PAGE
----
For decades, passersby drove or walked by the small, nondescript white-frame building in Edmond without realizing its history and importance. It was clearly old, but it also had an interesting story begging to be heard.
Lucille Warrick, a local historian and member of the Edmond Historic Preservation Trust, was convinced the building at 124 E. Second St. was the 1889 Territorial Schoolhouse, which would make it the last remaining 1889 structure in Edmond.
In 1997, the trust got permission from the Edmond City Council to “investigate, acquire and preserve” the building, which at one time had been a private home and later Sanders Camera Shop.
Warrick and others involved with the project removed the inside walls of the vacant camera store to reveal the original painted blackboards once used by teachers and students more than 100 years earlier.
The schoolhouse was the brainchild of a group of 15 determined women who formed the Ladies School Aid Society in 1889 to provide a suitable school for local children. That summer, Jennie Forster boldly walked into Brown’s Lumber Co. and ordered — on credit — enough lumber to build a school in the newly founded town.
The women asked businesses for donations and organized fundraising dinners and socials, including an ice cream party that netted $25. Located on one of the six future schoolhouse lots, the school was completed by August and the lumber bill was paid by the end of the first school year.
Enough money also was raised to pay Ollie McCormick’s teaching salary for the first year, which allowed students to attend without paying tuition. It was the first public schoolhouse in Oklahoma Territory, and it’s currently the oldest schoolhouse in Oklahoma County. Nineteen students attended the first day of school on Sept. 16, 1889, and that number quickly rose to 37.
The school’s use often stretched beyond desks and blackboards, though. Four Protestant churches were established at the schoolhouse, and the first recorded wedding in Oklahoma County took place there.
Classes were held in it for 10 years, but Edmond was growing, and the one-room schoolhouse was small. It was sold and remodeled into a private residence in 1900, and in 1950, Sanders Camera Shop moved in and stayed through the mid-1970s.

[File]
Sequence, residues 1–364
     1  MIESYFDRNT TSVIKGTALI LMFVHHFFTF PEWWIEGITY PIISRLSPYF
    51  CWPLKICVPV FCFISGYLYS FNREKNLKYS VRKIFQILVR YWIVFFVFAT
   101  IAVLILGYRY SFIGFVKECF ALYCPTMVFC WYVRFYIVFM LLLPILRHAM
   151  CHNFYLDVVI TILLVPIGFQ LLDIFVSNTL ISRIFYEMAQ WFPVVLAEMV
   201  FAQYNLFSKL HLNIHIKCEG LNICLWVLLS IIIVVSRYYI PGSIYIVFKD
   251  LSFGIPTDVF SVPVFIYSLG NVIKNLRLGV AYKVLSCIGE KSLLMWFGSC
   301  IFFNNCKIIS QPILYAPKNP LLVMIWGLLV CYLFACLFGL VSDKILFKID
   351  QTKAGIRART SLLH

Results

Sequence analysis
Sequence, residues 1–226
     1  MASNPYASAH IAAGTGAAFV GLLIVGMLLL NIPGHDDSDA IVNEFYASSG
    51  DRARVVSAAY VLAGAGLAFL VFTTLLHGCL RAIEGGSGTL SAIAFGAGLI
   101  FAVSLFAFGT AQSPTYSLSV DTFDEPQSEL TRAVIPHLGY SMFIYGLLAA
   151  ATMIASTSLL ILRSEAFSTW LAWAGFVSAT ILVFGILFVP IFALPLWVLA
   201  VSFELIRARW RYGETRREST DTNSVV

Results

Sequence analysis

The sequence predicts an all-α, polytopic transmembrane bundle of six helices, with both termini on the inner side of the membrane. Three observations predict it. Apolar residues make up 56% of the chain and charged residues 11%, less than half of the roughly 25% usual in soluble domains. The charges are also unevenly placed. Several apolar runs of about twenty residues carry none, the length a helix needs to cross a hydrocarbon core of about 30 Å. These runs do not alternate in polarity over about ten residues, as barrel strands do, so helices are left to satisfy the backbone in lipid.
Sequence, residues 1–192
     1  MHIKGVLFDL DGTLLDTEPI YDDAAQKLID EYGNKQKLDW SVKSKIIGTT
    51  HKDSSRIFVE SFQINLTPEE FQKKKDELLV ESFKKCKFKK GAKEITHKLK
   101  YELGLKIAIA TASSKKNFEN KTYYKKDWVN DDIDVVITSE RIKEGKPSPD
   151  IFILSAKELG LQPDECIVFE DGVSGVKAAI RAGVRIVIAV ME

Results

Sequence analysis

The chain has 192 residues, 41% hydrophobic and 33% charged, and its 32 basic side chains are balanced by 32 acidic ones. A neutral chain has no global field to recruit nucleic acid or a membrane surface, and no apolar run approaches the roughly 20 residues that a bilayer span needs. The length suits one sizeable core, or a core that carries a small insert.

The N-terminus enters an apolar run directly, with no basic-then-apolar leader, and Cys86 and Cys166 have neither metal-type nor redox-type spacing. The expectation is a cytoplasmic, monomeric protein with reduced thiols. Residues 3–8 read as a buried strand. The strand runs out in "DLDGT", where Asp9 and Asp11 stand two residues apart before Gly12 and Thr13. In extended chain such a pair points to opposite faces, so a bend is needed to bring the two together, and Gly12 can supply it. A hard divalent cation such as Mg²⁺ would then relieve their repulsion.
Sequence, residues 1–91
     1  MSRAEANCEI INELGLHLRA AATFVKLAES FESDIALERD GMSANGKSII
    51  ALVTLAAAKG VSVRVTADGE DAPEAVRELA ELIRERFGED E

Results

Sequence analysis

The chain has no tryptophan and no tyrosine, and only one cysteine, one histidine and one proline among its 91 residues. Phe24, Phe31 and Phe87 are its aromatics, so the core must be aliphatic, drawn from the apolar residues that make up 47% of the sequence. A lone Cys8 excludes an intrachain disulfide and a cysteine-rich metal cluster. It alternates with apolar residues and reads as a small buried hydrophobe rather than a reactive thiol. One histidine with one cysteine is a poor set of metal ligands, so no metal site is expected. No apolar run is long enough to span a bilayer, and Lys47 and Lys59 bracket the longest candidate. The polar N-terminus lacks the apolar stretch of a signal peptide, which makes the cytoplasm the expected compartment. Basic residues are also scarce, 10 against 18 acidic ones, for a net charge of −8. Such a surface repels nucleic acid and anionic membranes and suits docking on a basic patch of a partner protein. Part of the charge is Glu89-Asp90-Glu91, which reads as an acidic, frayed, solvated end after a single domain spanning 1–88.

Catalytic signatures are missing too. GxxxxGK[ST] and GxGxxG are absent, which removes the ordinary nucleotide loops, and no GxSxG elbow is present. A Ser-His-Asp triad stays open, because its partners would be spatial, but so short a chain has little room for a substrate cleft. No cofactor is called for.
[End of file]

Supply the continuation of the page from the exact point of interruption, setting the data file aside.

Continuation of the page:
The boarded-up building then sat empty for years with little interest in its past or future until the research and efforts of Warrick and determined others helped reveal the historical remnant sitting on one of the city’s busiest streets.
The Edmond Historic Preservation Trust purchased the building in 2001 and started an aggressive fundraising campaign and restoration project with a formal dedication in 2007. The schoolhouse, now furnished like it might have been originally, was restored as an Oklahoma Centennial Project.
In 2010, the schoolhouse was honored with a place on the National Schoolhouse Registry by the Country School Association of America, whose members work to preserve and protect one-room schoolhouses. At that time, only 22 schoolhouses in the United States had received the registry honor. Some 50 members of the association toured the school while in Oklahoma for a conference. Richard Lewis, then chairman of the registry, said the school was “the prettiest and the best we’ve seen,” according to The Oklahoman in 2010.
The 1889 Territorial School is open on Saturday afternoons for visitors. It also hosts field trips and summer camps where children are transported back in time as they write in pen and ink, practice their math on slates and dress in period clothing. Today, more than 130 years after the first students in Oklahoma attended it, the schoolhouse continues to be a place to learn — and not just for the young.